The Black Keys: Attack & Release

Music Reviews The Black Keys
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The Black Keys: Attack & Release

Five-year-old duo looks forward by writing for 76-year-old R&B legend

Ghosts—sonic and spectral—cruise Attack & Release, the fifth album by Akron indie-blues mainstays The Black Keys.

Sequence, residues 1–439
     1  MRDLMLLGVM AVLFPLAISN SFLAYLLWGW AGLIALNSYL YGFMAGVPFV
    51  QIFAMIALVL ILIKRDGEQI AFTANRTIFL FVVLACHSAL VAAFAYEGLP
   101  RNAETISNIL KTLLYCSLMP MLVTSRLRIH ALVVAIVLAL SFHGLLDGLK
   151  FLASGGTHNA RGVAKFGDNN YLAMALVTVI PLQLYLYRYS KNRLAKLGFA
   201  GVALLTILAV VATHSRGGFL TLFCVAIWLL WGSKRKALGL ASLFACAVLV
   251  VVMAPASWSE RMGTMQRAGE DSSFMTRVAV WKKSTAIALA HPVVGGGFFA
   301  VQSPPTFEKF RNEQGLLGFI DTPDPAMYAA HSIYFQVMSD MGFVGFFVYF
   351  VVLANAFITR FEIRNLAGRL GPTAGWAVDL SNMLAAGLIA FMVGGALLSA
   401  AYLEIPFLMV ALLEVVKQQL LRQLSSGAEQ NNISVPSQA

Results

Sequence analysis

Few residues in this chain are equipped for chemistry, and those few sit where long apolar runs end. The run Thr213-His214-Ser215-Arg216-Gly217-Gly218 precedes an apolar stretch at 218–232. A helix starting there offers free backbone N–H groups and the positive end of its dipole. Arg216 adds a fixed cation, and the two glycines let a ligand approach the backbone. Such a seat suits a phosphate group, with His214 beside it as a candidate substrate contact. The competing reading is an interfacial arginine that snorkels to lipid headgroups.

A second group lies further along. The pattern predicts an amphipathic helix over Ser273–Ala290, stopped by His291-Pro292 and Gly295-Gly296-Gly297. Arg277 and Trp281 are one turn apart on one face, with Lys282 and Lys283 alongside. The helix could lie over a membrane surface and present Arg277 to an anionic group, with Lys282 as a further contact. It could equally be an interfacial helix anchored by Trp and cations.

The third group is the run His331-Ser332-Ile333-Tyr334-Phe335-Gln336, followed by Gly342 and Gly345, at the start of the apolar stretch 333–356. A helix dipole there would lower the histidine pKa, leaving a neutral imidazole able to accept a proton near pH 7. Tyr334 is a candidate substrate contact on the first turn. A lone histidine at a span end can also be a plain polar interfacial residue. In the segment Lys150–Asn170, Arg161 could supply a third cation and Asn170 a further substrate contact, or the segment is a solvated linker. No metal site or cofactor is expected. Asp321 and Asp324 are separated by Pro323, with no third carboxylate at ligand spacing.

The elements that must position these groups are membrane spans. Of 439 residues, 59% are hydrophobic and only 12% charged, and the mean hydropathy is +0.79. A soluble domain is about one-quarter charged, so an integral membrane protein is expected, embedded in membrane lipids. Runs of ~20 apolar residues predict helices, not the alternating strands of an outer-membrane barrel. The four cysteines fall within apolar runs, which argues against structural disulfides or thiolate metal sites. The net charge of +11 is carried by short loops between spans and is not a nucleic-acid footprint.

The sonic come warbling like Theremins—at least partially at the behest of producer Brian Burton (Danger Mouse)—on songs like “Strange Times” and “Lies.” The spectral arrive from the late Ike Turner, for whom the duo originally conceived the 11 songs before Turner’s cocaine overdose in December. Wonderful as they are, imagining the 76-year-old “Rocket 88” creator singing the weary gospel of “Remember When (Side A)” or the reflective “Things Ain’t Like They Used To Be” makes Dan Auerbach’s vocals sound tragically demo-like. Burton’s presence is more authentic than a moonlighting hip-hop producer might suggest, expanding the Keys’ minimalist leanings on subtly lush arrangements like “Oceans & Streams.” Contributions from avant-garde specialists Marc Ribot and Ralph Carney (drummer Patrick Carney’s uncle) grace Attack & Release with a full spectrum of haunt.